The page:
Skip to main content

Advanced Search

Advanced Search

Current Filters

Filter your query

Publication Types



Newsletter Article



  • Medicaid Work Requirements Violate Program's Intent, Scholars Say Modern Healthcare by Susannah Luthi — More than 40 public health scholars on Friday stepped into a lawsuit challenging Kentucky's plan to enact work requirements on Medicaid beneficiaries. They argue the policy contradicts the intent of the Medicaid demonstration statute to improve the program, and that unintended consequences could lead to massive revenue drops for health centers. In an amicus brief, scholars and deans of schools of public health—including those of Columbia, Boston, Yale, and UCLA as well as prominent health law scholars like Sara Rosenbaum of George Washington University and Abbe Gluck of Yale—alleged that ratcheting back coverage will make the work requirements' impact harsher and have reverberating effects on healthcare in the communities where beneficiaries are losing Medicaid.

  • Trump Signs Order to Require Recipients of Federal Aid Programs to Work New York Times by Glenn Thrush — President Trump quietly signed a long-anticipated executive order on Tuesday intended to force low-income recipients of food assistance, Medicaid and low-income housing subsidies to join the work force or face the loss of their benefits. The order, in the works since last year, has an ambitious title — "Reducing Poverty in America" — and is directed at "any program that provides means-tested assistance or other assistance that provides benefits to people, households or families that have low incomes," according to the order's text. But its programmatic goals are considerably more modest, officials said. Many of the initiatives outlined have already been set into motion by the affected agencies, particularly the U.S. Department of Health and Human Services, which has begun issuing waivers to Republican governors who want to impose stricter work requirements on Medicaid recipients as a way to reduce costs.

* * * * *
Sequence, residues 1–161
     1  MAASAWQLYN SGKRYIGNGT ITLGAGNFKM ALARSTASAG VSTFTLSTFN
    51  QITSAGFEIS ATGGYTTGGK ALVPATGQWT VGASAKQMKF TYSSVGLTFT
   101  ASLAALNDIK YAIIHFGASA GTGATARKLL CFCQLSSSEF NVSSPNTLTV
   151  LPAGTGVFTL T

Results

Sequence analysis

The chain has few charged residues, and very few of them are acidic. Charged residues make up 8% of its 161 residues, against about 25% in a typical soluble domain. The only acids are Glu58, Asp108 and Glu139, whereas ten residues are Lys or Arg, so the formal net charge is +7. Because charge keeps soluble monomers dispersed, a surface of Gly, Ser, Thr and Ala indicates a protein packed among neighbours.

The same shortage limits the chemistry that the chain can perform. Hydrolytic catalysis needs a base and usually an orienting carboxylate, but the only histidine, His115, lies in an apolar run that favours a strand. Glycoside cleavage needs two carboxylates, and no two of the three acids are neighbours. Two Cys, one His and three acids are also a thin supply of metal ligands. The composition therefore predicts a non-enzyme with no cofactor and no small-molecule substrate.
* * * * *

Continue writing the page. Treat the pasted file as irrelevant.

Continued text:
• Mainers Voted to Expand Medicaid Last Year. Could These States Be Next? PBS NewsHour by Harry Zahn - Republicans in Congress may have relented on their attempts to repeal the entire Affordable Care Act, but the battle has shifted to states. Citizens in Idaho, Utah, Missouri,and Nebraska have taken Medicaid expansion under the Affordable Care Act into their own hands via ballot initiative campaigns, hoping to force statewide votes to either adopt or reject expansion this coming November. The campaigns to expand Medicaid via ballot have varied in scope and success. After Maine voters petitioned for and passed a first-of-its-kind expansion last November, campaigns in Idaho and Utah have gained momentum to expand Medicaid coverage. In Missouri, there was a longshot effort to gather 100,000 signatures to put expansion on the state ballot. The head of the campaign, Gary Peterson, couldn't get the state Democratic party on board, only mustering support from local church groups. He told the PBS NewsHour that he suspended his campaign in February. And in Nebraska, residents launched a petition drive to appeal to voters this November after six consecutive years of failed legislation. Where is the fight over Medicaid expansion now, and where will it go next? Here’s what we know.

Publication Details